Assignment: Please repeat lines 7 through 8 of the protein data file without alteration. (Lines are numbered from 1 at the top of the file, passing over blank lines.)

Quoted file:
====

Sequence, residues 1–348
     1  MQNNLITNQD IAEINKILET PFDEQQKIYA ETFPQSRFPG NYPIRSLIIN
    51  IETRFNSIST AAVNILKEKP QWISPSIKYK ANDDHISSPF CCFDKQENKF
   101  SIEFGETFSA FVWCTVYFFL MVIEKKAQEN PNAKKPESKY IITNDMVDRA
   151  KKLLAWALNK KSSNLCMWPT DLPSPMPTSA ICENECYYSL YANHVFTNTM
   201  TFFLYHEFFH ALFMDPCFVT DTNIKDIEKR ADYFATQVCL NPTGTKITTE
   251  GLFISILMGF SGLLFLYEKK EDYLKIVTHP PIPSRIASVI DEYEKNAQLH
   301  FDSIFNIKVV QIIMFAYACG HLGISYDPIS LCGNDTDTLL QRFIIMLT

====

   251  GLFISILMGF SGLLFLYEKK EDYLKIVTHP PIPSRIASVI DEYEKNAQLH
   301  FDSIFNIKVV QIIMFAYACG HLGISYDPIS LCGNDTDTLL QRFIIMLT